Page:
Serious loopholes exist in global laws against online sexual abuse: report

By Emma Batha

LONDON, November 15 (Thomson Reuters Foundation) – As a schoolgirl, Sarah Cooper grew closer to an online friend called “J”, forming a love for pop singers like Lady Gaga and Nicki Minaj, and opening up about issues at home . About two years later, he sold her into sexual slavery.

Cooper, from the US city of Boston, recounted how she was abducted and locked in a motel room after agreeing to meet “J”. Guarded by armed men, she was given drugs and sold for sexual purposes.

“J”, who used a cartoon as her profile picture, was not another teenager as she had assumed, but a much older man who she said had searched her posts online to attract her in conversation and build confidence.

With children spending significantly more time online during COVID-19 closures, Cooper said the pandemic had “created a playground for predators,” and called for global action to combat the rapid rise in online sexual exploitation and abuse.

Cooper’s story is highlighted in a report released Monday by rights advocacy group Equality Now, which examines the failure of international and national laws to keep pace with the evolution of technology and its misuse. .

He said predators are increasingly using social media and online gaming platforms to target potential victims, as they offer anonymity and operate under very limited regulation.

In the United States, more than half of child victims of trafficking for the purpose of sexual exploitation first met their abusers through text, a website or mobile app, Equality Now said.

The report also highlighted an “explosion” of online sexual abuse in India and the dangers for children of downloading games and songs that may contain spyware that can access private images.

Gaps in laws

The study – facilitated by TrustLaw, the Thomson Reuters Foundation’s pro bono legal network – examined legislation in the United States, Britain, India, Kenya and Nigeria.

He discovered loopholes in laws regarding online grooming, live streaming of sexual abuse, online sexual coercion and extortion, online sex trafficking, and image-based sexual abuse.

A major obstacle to investigating cases is the fact that there may be multiple offenders, victims and platforms, all based in different countries with different laws.

Equality Now called for the creation of a binding international agreement to combat these crimes, and the adoption of standard definitions and laws.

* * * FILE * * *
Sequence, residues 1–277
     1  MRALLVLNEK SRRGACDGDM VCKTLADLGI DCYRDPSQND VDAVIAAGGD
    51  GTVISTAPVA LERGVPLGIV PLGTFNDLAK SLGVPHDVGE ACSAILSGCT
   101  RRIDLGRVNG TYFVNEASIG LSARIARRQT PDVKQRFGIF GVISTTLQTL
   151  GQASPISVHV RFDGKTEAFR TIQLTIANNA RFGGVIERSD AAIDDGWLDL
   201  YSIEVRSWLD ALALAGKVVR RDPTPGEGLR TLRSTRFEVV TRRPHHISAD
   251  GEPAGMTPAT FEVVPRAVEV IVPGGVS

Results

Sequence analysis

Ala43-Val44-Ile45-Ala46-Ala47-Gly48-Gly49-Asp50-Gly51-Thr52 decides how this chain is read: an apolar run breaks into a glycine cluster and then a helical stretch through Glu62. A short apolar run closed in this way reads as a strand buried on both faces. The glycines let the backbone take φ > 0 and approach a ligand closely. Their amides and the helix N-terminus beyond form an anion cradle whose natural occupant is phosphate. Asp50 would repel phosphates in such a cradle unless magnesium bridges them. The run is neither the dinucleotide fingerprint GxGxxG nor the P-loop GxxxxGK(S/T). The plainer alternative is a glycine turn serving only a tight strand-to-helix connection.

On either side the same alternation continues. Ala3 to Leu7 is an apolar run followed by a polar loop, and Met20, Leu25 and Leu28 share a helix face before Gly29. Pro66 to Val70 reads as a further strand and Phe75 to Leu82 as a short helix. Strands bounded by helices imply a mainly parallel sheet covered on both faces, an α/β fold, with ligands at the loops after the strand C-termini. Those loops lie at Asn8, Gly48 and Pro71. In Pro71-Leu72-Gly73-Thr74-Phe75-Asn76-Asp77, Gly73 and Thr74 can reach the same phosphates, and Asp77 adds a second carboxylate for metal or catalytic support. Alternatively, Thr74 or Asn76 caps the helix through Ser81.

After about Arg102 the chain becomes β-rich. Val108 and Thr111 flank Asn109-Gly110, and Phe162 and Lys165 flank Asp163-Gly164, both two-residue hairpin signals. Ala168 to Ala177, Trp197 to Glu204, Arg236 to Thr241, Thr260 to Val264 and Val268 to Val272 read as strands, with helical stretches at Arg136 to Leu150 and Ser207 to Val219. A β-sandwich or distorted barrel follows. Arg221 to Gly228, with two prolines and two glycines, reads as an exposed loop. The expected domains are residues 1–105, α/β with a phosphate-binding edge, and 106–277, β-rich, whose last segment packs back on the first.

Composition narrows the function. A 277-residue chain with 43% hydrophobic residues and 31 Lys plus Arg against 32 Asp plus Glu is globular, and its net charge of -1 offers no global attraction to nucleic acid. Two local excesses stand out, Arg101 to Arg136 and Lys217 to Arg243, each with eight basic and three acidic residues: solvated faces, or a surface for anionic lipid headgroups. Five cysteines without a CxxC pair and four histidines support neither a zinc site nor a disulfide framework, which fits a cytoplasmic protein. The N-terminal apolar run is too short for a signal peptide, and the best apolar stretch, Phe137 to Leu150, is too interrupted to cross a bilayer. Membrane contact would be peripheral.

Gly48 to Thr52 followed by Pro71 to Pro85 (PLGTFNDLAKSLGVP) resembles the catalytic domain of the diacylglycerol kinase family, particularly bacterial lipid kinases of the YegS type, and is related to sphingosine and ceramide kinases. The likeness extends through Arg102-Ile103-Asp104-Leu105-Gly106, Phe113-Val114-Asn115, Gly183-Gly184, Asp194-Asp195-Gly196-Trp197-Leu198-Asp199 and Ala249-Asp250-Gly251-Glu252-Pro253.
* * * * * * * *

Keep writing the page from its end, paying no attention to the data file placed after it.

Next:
Co-author Tsitsi Matekaire warned that patchwork efforts by different countries to update their laws in isolation would be ineffective in tackling the scourge.

“The Internet is borderless,” she said. “Global challenges cannot be solved in national silos.”

Equality Now said the extent of the problem was unclear as many cases go unreported due to victims blaming themselves or being humiliated by others.

Cooper, now 24, said she did not go to the police after escaping because she doubted getting justice and feared her captors would retaliate.

But she said she decided to go public because she didn’t want what happened to her to happen to anyone else.

“We need to break the stigma around this,” Cooper said in a telephone interview, calling for the integration of internet safety into every country’s school curriculum and better training of enforcement agencies. laws.

She added: “Unfortunately, as technology advances, predators are going to find it easier to prey on younger and younger children.”

Concern for Africa

Steve Grocki, an expert on child exploitation at the US Department of Justice, said technological developments, the move towards encryption, widespread use of the dark web and even the growth of the Zoom video conferencing platform , hampered investigations.

The dark web is a part of the internet that is beyond the reach of search engines.

Tech and crime experts said the situation was particularly worrying in Africa, where many more young people were going online, families were unaware of online safety and police had little or no training on how to investigate digital crimes.

A Nigerian teenage girl shared how she mocked the police station after reporting that a man shared intimate photos of her online.

Grocki said the US government is sharing its expertise with African countries.

“We see a lot of the same things that we encounter in Western countries, but it is emerging at a much more accelerated rate in Africa,” he added.

Mohamed Daghar, an expert on trafficking and organized crime in Kenya, said traffickers exploited the COVID-19 pandemic to prey on children while schools were closed because they spent more time at home by line, often unattended.

“The use of technologies such as webcams has made it easier to target children,” Daghar said, adding that predators might start by asking a child to send a video of themselves dancing before tell them to take off their clothes.

Schools have focused on setting up e-learning during the pandemic without educating children and parents about internet safety, he said.

(Reporting by Emma Batha @emmabatha; Editing by Zoe Tabary. Please credit the Thomson Reuters Foundation, the charitable arm of Thomson Reuters, which covers the lives of people around the world who struggle to live freely or fairly. Visit http: // news

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